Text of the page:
Speech Styles

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According to Martin Joos (1976:156), speech style means the form of language that the speaker uses which characterized by the degree of formality. He identified the styles, which he called ‘clocks,’ in five classes such as frozen style, formal style, consultative style, casual style, and intimate style. These five clocks are levels of formality in language use, which are determined by the situational context and degree of familiarity or intimacy between the interlocutors. Each level determines what kind of language is appropriate to use in a specific context.

Frozen

It is the most formal communicative style that is usually used during respectful events and ceremonies. It also used when one shows hesitation, disinterest, or prejudice. Frozen speech is used generally in a very formal setting and does not require any feedback from the audience. It is the most formal communicative style for respectful situations.

The frozen style of speech is generally used in print media, rules, or declamation. The speech is carefully planned and verbalized as it mainly relies on the use of words. This style discourages feedback or questions for clarifications from the listeners which is why it is important that words are precise and carefully chosen.

EXAMPLE: Pledges, anthems, marriage ceremonies, laws, etc.

Intimate

This speech style is for very close relationships like couples, family, and best friends. It is also used for self-addressed questions or self-talk, etc. Intimate speech is used in conversation between people who are very close and know each other quite well because they have the maximum of shared background information.

This speech style makes use of words at a minimum. The communicators understand each other even with just a single nonverbal gesture or behavior such as a rising tone of voice, a grunt, or a raised eyebrow. A child who often forgets to close the door may be told by his or her sibling to do so just by saying, “Door.”

EXAMPLES: Couple talking about their future plans, family sharing ideas, very close friends sharing secrets, etc.

Formal

Formal speeches are straightforward speeches. In this speech style, the speaker avoids using slang terminologies; what the speaker says is something that has been prepared beforehand. Its complex sentence and noun phrases are well structured, logically sequenced and strongly coherent.

Communication using the formal speech type is one-way, in which the speaker simply transmits information to the listener. The formal type of speech style often does not encourage listeners’ participation or interaction among communicators. Public speaking commonly makes use of formal, informative speech. In situations where there is uncertainty in terms of receiving a favorable response, the speaker also uses this type of speech. For instance, if you are borrowing money from someone you are not close with, instead of saying, “Can I borrow sane money,” you may say, “Money is tight these days. Could you perhaps lend me some money?” Instead of saying, “I don’t understand the lesson,” one may say, “It is difficult to understand the lesson.” Since the speaker is somehow detached from the message, it attempts to avoid awkward or embarrassing situations.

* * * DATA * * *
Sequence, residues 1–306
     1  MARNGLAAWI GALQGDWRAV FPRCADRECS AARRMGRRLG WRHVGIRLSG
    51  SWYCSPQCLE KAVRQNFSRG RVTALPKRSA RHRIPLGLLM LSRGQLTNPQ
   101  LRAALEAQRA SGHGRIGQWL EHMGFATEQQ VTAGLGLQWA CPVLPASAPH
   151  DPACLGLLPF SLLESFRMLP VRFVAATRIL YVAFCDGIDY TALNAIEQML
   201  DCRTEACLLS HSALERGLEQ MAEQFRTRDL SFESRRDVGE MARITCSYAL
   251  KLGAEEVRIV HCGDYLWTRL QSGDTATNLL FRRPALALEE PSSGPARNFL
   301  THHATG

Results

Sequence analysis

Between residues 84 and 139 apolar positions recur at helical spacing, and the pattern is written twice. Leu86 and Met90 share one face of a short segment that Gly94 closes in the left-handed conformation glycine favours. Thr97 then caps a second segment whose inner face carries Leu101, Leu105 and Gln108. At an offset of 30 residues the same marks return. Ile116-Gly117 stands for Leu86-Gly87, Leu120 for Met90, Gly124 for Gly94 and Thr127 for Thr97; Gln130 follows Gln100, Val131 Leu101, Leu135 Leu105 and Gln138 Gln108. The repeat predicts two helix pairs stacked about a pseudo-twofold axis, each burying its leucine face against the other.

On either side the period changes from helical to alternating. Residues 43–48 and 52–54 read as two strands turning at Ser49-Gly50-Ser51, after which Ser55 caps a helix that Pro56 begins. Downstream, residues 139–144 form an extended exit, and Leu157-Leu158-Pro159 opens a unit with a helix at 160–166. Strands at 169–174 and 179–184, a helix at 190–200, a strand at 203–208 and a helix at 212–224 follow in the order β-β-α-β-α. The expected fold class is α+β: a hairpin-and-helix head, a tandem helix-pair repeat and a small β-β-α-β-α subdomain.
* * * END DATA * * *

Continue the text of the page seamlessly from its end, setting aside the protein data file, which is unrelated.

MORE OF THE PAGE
EXAMPLES: Announcements, SONA, welcome addresses, etc.

Casual

This is an informal communication between groups and peers. Casual style is used in conversation between friends and insiders who have something to share and have shared background information but don’t have close relations.

Casual speech is characterized by slang meanings or expressions that are easily understood by the communicators without being given too much information.

For instance, among friends, when one says “Hey, I saw your best friend a while ago” in a teasing manner and the listener replies sarcastically, it is most likely that the speaker is referring to the other person’s enemy.

EXAMPLES: phone calls, everyday conversation with friends, chats, inside jokes of friends, etc.

Consultative

This is used in semi-formal communication, sentences end to be shorter and spontaneous, the speaker does not usually plan what he/she wants to say, most operational among others.

Unlike the formal and frozen styles of speech, the level of communication making use of the consultative style involves cooperation but does not necessarily require involvement. This means that the listeners are involved in meaning-making by being allowed to give feedback.

For instance, if the information presented by the speaker is insufficient or unclear, the listener may ask for elaborations or clarifications. On the other hand, if there is too much information, the listener may say, “I know” or “I understand” to imply that the speaker need not elaborate. The consultative style is the standard or most commonly used style in everyday conversations.

According to Joos, communication using the consultative style is automatic, since the speaker does not prepare what he is going to say more than three seconds beforehand and that the listener can interrupt the speaker at any time. Conversations between strangers, teachers and students, doctors and patients make use of the consultative style.

EXAMPLES: regular classroom discussions, doctor-patient, etc.

These styles are important in speech-making because it will help you choose the appropriate approach for specific events. Picking the correct speech prevents misunderstanding and conflicts.

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